Kelpie sells for record $22,200 at Casterton


A 27 month-old Kelpie sold for a national auction record price of $22,200 at the Casterton Working Dog Auction on Sunday.

Glencairn Seven was sold by Victorian sheep property overseer Christian Peacock, with the winning bid made by Elders Hamilton stock agent Steven McLeod on behalf of an undisclosed Hamilton client.

Christian, 38, said Seven, was by his dog Pud’s Cruiser out of Dave Sweatman’s bitch Sunraysia Claire, and taken as the service fee for the litter.

“Richard Puddicombe knew that I had one of his pups and told Dave to take his bitch to me.

“There were seven pups in the litter and his tattoo’s number is seven.”

The record sale at the hot Casterton Working Dog Auction came just minutes after co-holder of the annual auction’s previous $12,000 price record, Ian O’Connell of Strathkellar, sold his 35 month-old bitch Lessi Sally for $16,500 to South Australian stockman Jamie Partridge.

Both dogs’ prices easily surpassed the previous Australian working dog record of $14,000 paid for Shane Maurer’s Kelpie Coopendale Charlie at the Jerilderie Working Dog Auction in February this year. About 40 percent of the dogs sold at Casterton yesterday made $6000 or more, with Mr Tierney and LMB Linke auctioneer Bernie Grant selling before a big crowd at the town’s Island Park reserve.

Mr McLeod said he was impressed by Seven’s ability to work well without too many commands.

“He knew what he was out there to do; he certainly knew what his job was.”

He said Seven’s new owner wanted to remain anonymous, but would use the dog for sheep work and was not a Kelpie breeder. His client sent Mr McLeod to the auction after seeing Seven work in a Youtube clip.

Seven’s price more than quadrupled his reserve

Christian said he had a reserve of $5000 on Seven before the auction and couldn’t believe bidding continued to $22,200.

“When he got to $10,000 I thought jeez this is a nice bonus, I was quite chuffed with that, and then when he got to Ian O’Connell’s price I thought ‘crikey – that’s going up with some big names there’.

“I couldn’t believe that and when he hit $20,000 I couldn’t believe it.”

It was Christian’s first year demonstrating a dog personally at the Casterton auction and he said he wanted to bring a good one.

“I wanted to bring the best one I could without affecting my team.”

He described Seven as a strong dog, able to back and bark on command, and muster small or large mobs in the paddock.

“He’s a good solid station dog — just a practical worker – and that’s what I like to have.

“They’ve got to be an all-rounder and they are hard to get, and he was one of those,” he said.

“He’s a good honest mustering dog – he could bring into the yards over rocks, tussock, whatever and through the yards and back out.”

‘Less is more’ in commands to bring out natural ability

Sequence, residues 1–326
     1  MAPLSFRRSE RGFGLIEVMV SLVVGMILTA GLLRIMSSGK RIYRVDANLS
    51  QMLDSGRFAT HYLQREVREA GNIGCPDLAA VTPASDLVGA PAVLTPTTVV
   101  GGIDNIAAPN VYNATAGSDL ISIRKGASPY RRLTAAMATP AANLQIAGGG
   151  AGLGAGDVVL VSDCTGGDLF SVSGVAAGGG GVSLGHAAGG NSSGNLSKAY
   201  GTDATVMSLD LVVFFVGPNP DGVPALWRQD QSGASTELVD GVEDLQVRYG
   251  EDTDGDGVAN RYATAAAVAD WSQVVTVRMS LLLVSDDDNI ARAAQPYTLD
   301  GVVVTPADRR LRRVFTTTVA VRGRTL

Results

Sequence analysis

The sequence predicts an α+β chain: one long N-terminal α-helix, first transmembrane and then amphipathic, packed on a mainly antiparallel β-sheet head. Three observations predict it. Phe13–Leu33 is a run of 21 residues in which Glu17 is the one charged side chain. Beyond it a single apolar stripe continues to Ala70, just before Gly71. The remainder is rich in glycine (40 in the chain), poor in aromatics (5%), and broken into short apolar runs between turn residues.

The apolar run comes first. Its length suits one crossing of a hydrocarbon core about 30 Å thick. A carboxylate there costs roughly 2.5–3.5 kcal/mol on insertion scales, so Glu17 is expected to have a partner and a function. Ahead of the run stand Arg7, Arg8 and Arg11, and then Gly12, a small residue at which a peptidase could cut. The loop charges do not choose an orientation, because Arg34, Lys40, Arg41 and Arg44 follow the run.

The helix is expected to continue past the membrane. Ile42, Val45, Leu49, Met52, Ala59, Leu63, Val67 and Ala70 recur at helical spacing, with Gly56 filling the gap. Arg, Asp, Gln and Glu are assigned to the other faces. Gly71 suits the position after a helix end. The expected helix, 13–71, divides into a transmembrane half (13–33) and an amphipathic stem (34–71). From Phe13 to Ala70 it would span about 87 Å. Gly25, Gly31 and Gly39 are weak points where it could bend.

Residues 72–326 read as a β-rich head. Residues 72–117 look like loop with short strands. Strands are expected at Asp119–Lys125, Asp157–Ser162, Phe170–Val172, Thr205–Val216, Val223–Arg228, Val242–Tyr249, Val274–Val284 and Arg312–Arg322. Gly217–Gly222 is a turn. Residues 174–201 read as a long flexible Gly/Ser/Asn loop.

Christian has been working with dogs since before he left school. His livestock experience includes work in Canada and Sweden. He has been working at the Bain’s St Enochs property for five years, managing 8500 Merino, crossbred and Coopworth sheep. In his early days working stock, Christian said he would take on difficult dogs others considered worthless “just so I could learn,” but now pays more attention to bloodlines and natural working ability. “Less is more” when it comes to commands, he said.

“I don’t like them to be robotic; they’ve got to be able work for themselves.

“I used to work in the hills and once the dog went over the hill, it had to work on its own,” he said.

“You look for the good bloodlines and you spend the time with them, and that’s the big thing.

“It’s good for all the stockmen, and I do know a lot of good stockmen who have some pretty handy dogs and I just hope they can do the same.”

Young stockmen and women can be rewarded

Mr O’Connell said the auction result today showed that if young jackeroos and jillaroos took the time to train a dog properly they will be rewarded for their efforts.

“It’s a great incentive for young men and women working on the land to train their station dogs up well with positive methods, bring them here and send them out to the world.”

Up to now Christian said he had bred two litters a year ‘’at the most” to renew his dog team for work at the Stockyard Hill sheep property of David and Deb Bain. He has sold a few dogs privately for up to $4500 and competed in a few trials.

Christian also sold a three month-old bitch pup Sadie at Casterton for $2000 — well above his $800 reserve – and already knows where his sale proceeds will be going. He and his wife Katie – with two young children – have some renovations to do on the family home at Waterloo, 145 kilometres west of Melbourne.

“We’ve got a pretty cold house that needs to be insulated and a new kitchen – so the money means a lot; it’s going to help out a lot.”

Karatta Pastoral Co manager at Naracoorte, Jamie Partridge said the most he had previously paid for a good working dog was $8000.

“But the value of a good working dog is a lot more than that.”

He said the Naracoorte operation could run from 5000-15,000 sheep during the year.

“So their (dog’s) value to us is huge – they allow us to save a couple of labour units.”


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